Here’s some weekend reading – it’s a piece by the famed Paul Graham on why Silicon Valley rocks, and why no other place can possibly beat it. And as a result, rich nerds will always flood into the Valley, snapping up houses no matter what the salary/income ratio is.
Here are some key snippets:
How to Be Silicon Valley
I think you only need two kinds of people to create a technology hub: rich people and nerds. They’re the limiting reagents in the reaction that produces startups, because they’re the only ones present when startups get started. Everyone else will move.
Observation bears this out: within the US, towns have become startup hubs if and only if they have both rich people and nerds. Few startups happen in Miami, for example, because although it’s full of rich people, it has few nerds. It’s not the kind of place nerds like.
That’s right. Nerds hate Miami. I bet you didn’t know that!
Bureaucrats by their nature are the exact opposite sort of people from startup investors. The idea of them making startup investments is comic. It would be like mathematicians running Vogue– or perhaps more accurately, Vogue editors running a math journal. 
Though indeed, most things bureaucrats do, they do badly. We just don’t notice usually, because they only have to compete against other bureaucrats. But as startup investors they’d have to compete against pros with a great deal more experience and motivation.
And I can’t think of any place more government free and apolitical than the Bay Area. Everyone in the private or public sector is strictly there to move mankind forwards – never to squabble for their own career. Silicon Valley is also a place where you will be rewarded for doing great work, not for knowing the sister of the nanny of the VC’s child. No way. Never!
A lot of nerd tastes they share with the creative class in general. For example, they like well-preserved old neighborhoods instead of cookie-cutter suburbs, and locally-owned shops and restaurants instead of national chains. Like the rest of the creative class, they want to live somewhere with personality.
Most towns with personality are old, but they don’t have to be. Old towns have two advantages: they’re denser, because they were laid out before cars, and they’re more varied, because they were built one building at a time. You could have both now. Just have building codes that ensure density, and ban large scale developments.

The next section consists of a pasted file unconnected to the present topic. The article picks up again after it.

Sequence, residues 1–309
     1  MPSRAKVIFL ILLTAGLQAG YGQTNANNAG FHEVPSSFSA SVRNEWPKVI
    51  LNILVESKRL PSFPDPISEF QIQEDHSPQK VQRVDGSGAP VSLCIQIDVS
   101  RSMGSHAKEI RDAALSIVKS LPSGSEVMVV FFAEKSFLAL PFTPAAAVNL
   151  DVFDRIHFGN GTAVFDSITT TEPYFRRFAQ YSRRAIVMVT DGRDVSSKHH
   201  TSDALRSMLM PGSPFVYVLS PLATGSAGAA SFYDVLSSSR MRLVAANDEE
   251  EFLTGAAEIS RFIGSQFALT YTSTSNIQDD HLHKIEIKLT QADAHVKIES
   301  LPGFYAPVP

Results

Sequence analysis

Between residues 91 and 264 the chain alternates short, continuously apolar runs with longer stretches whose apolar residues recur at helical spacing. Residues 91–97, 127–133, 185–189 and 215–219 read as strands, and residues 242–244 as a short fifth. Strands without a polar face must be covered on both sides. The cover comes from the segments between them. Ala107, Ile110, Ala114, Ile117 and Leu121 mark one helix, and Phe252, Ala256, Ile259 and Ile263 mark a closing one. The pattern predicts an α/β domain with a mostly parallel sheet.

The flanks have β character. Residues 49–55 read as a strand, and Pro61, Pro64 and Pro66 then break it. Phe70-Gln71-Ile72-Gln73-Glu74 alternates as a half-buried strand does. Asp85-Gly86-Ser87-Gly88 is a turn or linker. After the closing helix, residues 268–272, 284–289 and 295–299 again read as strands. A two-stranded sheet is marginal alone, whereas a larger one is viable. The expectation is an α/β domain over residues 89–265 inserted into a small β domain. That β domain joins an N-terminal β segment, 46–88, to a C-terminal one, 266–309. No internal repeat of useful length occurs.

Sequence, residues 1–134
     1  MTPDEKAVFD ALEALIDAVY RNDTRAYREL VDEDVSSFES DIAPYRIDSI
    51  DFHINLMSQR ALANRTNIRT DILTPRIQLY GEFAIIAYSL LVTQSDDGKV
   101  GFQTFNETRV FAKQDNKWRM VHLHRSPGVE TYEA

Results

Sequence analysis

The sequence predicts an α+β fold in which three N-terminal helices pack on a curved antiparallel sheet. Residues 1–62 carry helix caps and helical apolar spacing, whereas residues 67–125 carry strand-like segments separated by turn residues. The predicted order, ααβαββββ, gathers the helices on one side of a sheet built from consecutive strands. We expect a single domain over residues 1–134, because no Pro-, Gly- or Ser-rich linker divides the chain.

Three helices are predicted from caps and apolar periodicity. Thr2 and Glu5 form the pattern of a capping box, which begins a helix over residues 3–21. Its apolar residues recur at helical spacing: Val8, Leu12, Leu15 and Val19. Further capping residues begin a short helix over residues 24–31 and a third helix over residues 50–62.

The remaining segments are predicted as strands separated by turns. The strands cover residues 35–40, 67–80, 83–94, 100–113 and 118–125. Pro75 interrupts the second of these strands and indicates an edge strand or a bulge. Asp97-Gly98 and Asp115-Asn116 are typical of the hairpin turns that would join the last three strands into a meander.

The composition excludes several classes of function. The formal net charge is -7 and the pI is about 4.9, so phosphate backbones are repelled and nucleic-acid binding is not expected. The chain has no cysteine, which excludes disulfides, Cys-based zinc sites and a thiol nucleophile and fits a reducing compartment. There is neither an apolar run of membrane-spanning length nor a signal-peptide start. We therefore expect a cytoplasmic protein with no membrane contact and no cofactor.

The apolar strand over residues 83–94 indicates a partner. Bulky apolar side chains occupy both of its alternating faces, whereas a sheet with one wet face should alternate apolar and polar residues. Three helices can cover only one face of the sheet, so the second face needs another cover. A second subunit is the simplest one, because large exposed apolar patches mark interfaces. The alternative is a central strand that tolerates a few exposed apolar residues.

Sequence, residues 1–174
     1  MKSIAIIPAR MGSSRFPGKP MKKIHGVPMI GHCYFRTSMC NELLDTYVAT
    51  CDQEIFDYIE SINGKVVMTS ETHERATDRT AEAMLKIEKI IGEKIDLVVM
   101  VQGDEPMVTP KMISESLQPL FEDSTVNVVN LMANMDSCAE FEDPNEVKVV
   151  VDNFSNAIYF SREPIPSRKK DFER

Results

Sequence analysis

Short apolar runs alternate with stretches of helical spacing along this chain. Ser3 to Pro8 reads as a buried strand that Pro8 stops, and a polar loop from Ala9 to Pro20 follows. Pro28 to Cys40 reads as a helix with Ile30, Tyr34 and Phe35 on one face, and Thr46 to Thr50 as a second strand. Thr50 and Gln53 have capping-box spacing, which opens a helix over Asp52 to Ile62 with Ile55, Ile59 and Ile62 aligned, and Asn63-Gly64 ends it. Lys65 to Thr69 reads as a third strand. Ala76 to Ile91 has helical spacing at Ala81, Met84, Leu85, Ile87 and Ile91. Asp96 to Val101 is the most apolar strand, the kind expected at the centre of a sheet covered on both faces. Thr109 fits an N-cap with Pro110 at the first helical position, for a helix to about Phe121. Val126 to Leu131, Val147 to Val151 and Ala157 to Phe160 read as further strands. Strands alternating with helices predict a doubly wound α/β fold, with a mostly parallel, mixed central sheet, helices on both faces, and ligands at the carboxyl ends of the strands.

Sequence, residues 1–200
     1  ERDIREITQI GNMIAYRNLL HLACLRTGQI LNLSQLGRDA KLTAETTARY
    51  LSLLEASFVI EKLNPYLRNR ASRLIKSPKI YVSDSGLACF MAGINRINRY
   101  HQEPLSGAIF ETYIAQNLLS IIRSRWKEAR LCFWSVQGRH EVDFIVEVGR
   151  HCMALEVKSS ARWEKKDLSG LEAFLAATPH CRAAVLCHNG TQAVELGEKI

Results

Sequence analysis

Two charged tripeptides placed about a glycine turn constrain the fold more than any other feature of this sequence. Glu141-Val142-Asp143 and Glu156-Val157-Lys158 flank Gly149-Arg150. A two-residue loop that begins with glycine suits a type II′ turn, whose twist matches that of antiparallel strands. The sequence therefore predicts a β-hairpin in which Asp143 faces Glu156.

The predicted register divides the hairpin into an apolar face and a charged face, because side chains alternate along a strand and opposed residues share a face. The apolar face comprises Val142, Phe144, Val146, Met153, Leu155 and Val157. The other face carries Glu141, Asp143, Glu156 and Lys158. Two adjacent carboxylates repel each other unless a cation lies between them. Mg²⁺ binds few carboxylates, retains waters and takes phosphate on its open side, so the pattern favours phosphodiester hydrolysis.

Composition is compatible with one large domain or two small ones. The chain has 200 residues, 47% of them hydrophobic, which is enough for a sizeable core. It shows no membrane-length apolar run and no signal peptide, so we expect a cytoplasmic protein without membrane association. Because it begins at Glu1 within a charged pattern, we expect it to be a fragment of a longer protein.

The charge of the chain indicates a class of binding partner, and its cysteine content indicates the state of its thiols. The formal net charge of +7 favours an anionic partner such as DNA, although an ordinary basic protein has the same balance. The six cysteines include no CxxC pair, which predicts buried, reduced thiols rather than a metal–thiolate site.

And nothing describes this like our famed Cupertino! Sure Stephen Levy once called it an overgrown strip mall, but hey – check out all the locally-owned shops like [tbd] and [tbd], and amazing architecture. And how can we forget world famous Rivermark!
Most nerds like quieter pleasures. They like cafes instead of clubs; used bookshops instead of fashionable clothing shops; hiking instead of dancing; sunlight instead of tall buildings. A nerds idea of paradise is Berkeley or Boulder.
That’s right. Nerds love to go hiking. They just bring along their laptops, a portable generator, a giant thick hood to block out the sun – that way they can continue to add value to the world by Twittering, writing Java/C++ code, installing patches on their LAMP site. (BTW, I actually saw someone once take a Dell XPS
M2010 out of a bag and put it on a restaurant table.) Note that hiking spots are chosen by access to 3G networks. Also, who knew that nerds loved Boulder so much, or that tall buildings mean no sunlight!
What nerds like is the kind of town where people walk around smiling. This excludes LA, where no one walks at all, and also New York, where people walk, but not smiling. When I was in grad school in Boston, a friend came to visit from New York. On the subway back from the airport she asked “Why is everyone smiling?” I looked and they weren’t smiling. They just looked like they were compared to the facial expressions she was used to.
I can’t think of any place as walkable as Silicon Valley. All the time I’m walking around on El Camino Real, or Lawrence Expressway. I’m always bumping into friendly smiling people on Stevens Creek, especially near Agilent. That guy sure smiles a lot as he asks me for change. That guy loves nerds for some reason!
To attract the young, a town must have an intact center. In most American cities the center has been abandoned, and the growth, if any, is in the suburbs. Most American cities have been turned inside out. But none of the startup hubs has: not San Francisco, or Boston, or Seattle. They all have intact centers.  My guess is that no city with a dead center could be turned into a startup hub. Young people don’t want to live in the suburbs.
Uh. Um. Something something something Sunnyvale Town Center 2012 something something something! Nerds will love it!
For all its power, Silicon Valley has a great weakness: the paradise Shockley found in 1956 is now one giant parking lot. San Francisco and Berkeley are great, but they’re forty miles away. Silicon Valley proper is soul-crushing suburban sprawl. It has fabulous weather, which makes it significantly better than the soul-crushing sprawl of most other American cities. But a competitor that managed to avoid sprawl would have real leverage. All a city needs is to be the kind of place the next traitorous eight look at and say “I want to stay here,” and that would be enough to get the chain reaction started.
A friend of a friend once arrived in San Jose airport after a long trip from Asia. As he walked down the ladder (this was Terminal C, of course) on the phone he said to my friend “This is Silicon Valley? Are you kidding me?”
If that wasn’t lust at first sight, I don’t know what is.
Why do you think of Paul’s piece?